The Scottish Government has insisted that it is ‘committed’ to upgrading the A82 between Tarbet and Inverarnan, despite the process of developing and assessing the preferred route passing the six-year mark.
Transport Scotland has published a new interactive Story Map webpage, which it said will help keep the public informed of progress as the project develops. The webpage also includes a questionnaire seeking views on the existing route, how it influences travel decisions, and the proposed scheme itself.
Transport minister Graeme Dey said: ‘We remain committed to upgrading this key strategic route along the A82 between Tarbet and Inverarnan.
‘The design work for this challenging scheme has continued throughout the pandemic and we now want to hear from the public on their experiences of using this route, as we work towards publishing draft Orders.’
The road follows the bonnie banks of Loch Lomond north of Tarbet
He added: ‘We need to ensure that any future upgrade fits within the area’s outstanding landscape and environment and maintains the renowned beauty of the Loch Lomond and Trossachs National Park, whilst also minimising disruption while construction takes place.
‘This vital route connects the Highlands and Islands with Glasgow and the Central Belt and the work we are doing will lead to improved road safety and journey time reliability, as well as helping to meet the needs of business, communities and visitors alike.’
The Transport Scotland website says it is finalising the development and assessment of the preferred route option with a view to preparing draft Orders in 2022 for formal comment, but does not give a beginning or end date for the scheme itself.
The scheme was first identified in the 2008 Strategic Transport Projects Review (STPR). A preferred route option was identified in September 2015. In 2017 the then transport minister, Humza Yousaf, confirmed that the scheme would comprise a 7.3 metre wide carriageway.
Ground investigation work took place in early 2018. Mr Yousaf said: ‘We remain committed to upgrading the A82 between Tarbet and Inverarnan'. He also made exactly the same statement at the time as the one attributed to Mr Dey this week.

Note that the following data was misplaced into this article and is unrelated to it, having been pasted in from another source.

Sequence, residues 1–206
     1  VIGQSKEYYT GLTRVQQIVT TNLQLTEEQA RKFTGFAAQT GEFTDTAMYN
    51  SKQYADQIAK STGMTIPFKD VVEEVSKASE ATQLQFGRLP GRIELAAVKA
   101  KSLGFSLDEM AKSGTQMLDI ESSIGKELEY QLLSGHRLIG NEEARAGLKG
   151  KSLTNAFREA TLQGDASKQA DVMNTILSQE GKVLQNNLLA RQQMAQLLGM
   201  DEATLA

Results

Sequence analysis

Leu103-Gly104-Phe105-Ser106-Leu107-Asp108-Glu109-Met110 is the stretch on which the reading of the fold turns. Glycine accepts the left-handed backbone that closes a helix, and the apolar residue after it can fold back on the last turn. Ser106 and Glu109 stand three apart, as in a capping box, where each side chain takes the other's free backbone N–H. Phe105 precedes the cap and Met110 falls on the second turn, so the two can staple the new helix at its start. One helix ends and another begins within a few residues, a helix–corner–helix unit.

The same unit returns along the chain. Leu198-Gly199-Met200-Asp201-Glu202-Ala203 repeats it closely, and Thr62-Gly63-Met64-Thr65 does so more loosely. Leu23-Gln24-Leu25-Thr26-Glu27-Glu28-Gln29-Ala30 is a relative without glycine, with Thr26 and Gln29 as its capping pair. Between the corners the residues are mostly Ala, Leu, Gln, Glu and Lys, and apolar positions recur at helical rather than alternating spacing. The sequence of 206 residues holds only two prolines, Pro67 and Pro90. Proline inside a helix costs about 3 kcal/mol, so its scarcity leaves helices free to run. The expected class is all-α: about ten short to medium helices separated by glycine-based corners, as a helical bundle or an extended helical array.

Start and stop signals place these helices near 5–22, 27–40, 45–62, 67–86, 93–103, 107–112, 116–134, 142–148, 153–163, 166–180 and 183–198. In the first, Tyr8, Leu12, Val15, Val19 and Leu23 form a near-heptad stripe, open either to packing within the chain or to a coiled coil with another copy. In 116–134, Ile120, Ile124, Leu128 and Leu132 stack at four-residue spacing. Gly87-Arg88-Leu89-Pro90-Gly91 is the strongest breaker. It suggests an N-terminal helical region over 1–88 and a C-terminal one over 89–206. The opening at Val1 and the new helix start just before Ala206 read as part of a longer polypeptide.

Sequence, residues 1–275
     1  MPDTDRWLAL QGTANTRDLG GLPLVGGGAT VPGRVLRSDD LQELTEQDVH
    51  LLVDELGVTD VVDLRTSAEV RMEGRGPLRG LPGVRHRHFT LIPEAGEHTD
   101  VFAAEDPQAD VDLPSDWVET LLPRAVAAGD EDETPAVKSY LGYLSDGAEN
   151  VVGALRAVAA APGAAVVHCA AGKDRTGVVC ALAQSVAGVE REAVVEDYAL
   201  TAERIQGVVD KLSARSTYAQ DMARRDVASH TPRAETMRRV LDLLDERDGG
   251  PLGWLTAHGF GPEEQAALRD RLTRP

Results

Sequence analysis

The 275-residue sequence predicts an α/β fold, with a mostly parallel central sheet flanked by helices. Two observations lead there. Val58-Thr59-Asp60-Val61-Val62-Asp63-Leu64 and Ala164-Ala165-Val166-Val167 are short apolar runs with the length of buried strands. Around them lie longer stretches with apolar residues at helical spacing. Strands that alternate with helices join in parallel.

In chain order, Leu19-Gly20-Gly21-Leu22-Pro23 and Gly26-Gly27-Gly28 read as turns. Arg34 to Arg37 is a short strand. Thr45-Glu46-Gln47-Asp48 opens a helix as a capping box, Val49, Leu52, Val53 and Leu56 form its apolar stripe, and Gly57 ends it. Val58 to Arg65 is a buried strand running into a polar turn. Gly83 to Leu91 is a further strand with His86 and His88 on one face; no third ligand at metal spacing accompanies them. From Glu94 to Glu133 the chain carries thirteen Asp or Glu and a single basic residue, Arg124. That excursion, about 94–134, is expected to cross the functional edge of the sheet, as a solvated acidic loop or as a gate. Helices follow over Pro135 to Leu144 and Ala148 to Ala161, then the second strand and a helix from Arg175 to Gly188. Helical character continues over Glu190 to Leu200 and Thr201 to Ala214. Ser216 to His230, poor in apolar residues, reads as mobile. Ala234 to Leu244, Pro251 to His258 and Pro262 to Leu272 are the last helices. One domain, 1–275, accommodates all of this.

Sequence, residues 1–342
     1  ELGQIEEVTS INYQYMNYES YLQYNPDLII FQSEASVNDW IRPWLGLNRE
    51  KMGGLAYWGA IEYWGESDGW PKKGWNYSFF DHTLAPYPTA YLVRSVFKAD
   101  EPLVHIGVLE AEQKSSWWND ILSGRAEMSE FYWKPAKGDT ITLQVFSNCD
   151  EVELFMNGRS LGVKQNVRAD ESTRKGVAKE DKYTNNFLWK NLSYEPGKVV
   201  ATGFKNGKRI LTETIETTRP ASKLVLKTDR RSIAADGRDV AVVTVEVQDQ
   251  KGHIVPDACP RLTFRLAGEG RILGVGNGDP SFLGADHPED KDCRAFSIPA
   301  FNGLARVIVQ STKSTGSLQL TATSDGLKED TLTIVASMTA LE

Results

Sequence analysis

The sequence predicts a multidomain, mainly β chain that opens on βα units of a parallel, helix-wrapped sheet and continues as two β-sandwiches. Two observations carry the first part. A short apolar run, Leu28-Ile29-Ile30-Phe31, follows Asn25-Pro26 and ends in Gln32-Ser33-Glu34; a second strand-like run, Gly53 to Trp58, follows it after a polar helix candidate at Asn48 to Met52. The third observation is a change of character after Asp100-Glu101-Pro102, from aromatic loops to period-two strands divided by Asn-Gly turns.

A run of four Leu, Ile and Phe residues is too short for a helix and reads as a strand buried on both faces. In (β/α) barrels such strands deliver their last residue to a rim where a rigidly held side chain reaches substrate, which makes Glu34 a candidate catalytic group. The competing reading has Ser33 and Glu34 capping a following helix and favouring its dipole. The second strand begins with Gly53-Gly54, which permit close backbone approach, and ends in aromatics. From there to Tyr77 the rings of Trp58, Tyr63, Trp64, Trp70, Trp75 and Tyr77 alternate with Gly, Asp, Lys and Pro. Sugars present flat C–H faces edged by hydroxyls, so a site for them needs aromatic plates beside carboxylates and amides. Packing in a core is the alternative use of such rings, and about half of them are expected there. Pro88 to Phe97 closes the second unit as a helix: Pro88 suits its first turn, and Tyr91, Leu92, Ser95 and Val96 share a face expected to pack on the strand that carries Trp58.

The Infrastructure Investment Plan for Scotland 2021-22 to 2025-26, published in February, gives £250m-£500m, as an initial estimate of the cost, ‘which will be refined and updated as the scheme design becomes more developed’. The document suggests that £136m will be spent on the scheme between 2021 and 2026.
The Transport Scotland website states: ‘We will consider funding options as we progress through the project development.’
According to the policy programme under the recent agreement between the SNP government and the Scottish Green Party, the outcomes of the second Strategic Transport Projects Review (STPR2) will be used ‘to direct future transport infrastructure investment’.
The agreement also states that, aside from the £3bn A96 dualling scheme ‘work on other trunk roads projects and programmes under construction, design, development or procurement will continue and be subject to the normal statutory assessment and business case processes’.
A spokesperson for Argyll and Bute council told Highways: 'We welcome initiatives to improve safety and accessibility for residents, businesses and visitors in Argyll and Bute.
'As one of the authorities in the area, we will work with Transport Scotland and we would also encourage those with an interest to give their views.'